In this very large exhibition, 57 works of early Texas art, there are two paintings that should be seen, for historical reasons. One is On Texas Waters: USS Constitution; this wooden-hulled, three-masted frigate won many victories in the War of 1812, and became much-loved, nick-named "Old Ironsides" by Oliver Wendell Holmes. It went on a three-year tour from 1931 to 1934, and was painted by Paul R. Schumann in 1932 as it appeared in full sail in Galveston Bay. It anchors the exhibition with a specific moment in local history.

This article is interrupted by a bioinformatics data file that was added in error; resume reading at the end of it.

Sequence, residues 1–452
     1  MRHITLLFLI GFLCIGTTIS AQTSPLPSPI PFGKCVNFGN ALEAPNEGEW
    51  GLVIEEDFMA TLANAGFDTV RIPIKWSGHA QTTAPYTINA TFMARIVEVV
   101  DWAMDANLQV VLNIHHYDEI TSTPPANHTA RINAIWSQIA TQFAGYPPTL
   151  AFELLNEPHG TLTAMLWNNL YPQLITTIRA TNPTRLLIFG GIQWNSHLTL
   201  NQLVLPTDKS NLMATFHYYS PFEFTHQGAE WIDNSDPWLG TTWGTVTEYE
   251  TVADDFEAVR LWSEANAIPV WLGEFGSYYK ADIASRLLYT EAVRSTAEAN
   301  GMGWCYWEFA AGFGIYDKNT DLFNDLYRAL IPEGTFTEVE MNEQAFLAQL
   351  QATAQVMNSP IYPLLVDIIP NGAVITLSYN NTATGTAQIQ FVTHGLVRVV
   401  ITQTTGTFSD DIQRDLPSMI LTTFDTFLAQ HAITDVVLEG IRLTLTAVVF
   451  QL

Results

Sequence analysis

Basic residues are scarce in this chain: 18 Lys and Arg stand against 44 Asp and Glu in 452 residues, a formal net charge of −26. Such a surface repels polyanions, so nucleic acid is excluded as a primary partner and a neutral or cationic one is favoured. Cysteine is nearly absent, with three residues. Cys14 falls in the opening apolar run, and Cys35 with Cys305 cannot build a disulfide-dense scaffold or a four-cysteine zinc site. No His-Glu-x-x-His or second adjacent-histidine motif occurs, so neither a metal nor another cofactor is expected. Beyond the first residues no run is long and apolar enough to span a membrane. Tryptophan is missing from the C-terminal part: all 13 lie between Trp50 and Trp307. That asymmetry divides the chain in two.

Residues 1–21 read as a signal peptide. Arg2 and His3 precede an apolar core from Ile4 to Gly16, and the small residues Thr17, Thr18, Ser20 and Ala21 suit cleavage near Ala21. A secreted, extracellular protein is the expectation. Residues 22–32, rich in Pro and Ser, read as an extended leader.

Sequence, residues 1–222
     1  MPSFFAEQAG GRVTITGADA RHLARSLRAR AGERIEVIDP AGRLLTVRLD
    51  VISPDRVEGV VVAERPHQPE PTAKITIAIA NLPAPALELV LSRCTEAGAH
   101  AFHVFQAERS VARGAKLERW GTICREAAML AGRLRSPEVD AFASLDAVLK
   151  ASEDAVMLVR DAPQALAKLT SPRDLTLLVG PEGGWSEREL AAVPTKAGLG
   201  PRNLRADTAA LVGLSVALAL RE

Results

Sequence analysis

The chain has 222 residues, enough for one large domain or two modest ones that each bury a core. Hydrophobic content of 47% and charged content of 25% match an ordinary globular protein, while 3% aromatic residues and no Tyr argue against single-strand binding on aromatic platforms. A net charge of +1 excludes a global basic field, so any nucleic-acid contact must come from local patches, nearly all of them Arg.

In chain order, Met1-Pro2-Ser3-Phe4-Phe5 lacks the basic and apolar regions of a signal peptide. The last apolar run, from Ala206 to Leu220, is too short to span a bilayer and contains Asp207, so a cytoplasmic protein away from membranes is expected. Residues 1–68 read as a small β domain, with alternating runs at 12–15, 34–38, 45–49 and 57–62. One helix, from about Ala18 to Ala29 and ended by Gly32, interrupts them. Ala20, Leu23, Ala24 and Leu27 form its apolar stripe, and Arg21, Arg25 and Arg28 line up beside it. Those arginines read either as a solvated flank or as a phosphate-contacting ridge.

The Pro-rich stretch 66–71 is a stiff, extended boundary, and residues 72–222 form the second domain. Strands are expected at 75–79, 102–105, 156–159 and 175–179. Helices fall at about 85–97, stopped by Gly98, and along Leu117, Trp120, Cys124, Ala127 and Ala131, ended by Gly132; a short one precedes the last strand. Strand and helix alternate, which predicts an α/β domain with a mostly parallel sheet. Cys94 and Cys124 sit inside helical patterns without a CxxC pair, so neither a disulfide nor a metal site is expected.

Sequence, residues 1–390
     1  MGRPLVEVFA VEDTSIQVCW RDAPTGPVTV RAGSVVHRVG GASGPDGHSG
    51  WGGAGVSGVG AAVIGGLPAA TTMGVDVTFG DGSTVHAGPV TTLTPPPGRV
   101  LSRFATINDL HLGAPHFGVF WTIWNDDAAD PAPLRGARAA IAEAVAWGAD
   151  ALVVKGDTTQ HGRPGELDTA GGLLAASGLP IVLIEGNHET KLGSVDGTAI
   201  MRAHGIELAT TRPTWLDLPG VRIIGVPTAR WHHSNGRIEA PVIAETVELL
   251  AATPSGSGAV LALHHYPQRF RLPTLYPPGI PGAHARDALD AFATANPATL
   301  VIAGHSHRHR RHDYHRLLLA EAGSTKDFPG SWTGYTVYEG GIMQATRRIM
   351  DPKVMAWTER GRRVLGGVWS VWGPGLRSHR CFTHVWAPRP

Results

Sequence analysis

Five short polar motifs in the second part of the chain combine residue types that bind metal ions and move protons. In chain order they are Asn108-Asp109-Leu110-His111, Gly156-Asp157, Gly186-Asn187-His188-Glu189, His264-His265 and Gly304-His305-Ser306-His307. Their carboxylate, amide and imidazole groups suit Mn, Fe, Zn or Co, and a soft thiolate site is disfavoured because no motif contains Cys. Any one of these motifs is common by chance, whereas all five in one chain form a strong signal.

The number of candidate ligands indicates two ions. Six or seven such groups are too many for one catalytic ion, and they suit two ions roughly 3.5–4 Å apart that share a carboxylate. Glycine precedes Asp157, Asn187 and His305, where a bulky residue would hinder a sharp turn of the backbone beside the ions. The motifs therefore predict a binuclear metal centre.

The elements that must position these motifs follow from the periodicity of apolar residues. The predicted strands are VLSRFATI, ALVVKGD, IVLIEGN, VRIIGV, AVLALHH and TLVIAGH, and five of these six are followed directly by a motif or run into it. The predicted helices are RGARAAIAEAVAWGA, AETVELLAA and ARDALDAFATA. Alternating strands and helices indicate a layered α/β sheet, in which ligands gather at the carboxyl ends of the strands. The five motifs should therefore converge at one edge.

Photo courtesy of William Reaves Fine Art Robert Wood is justifiably famous for his bluebonnet paintings, and strong composition
The second is a 1936 portrait, 40 inches by 28 inches, by Emma Richardson Cherry of her son-in-law, titled Major Reid. It shows him to be handsome, in uniform, and its warm tan tones here posit the glamor of war, ignoring for a moment the agony in the trenches. The painting resonates with love, almost palpable, alive after all these years.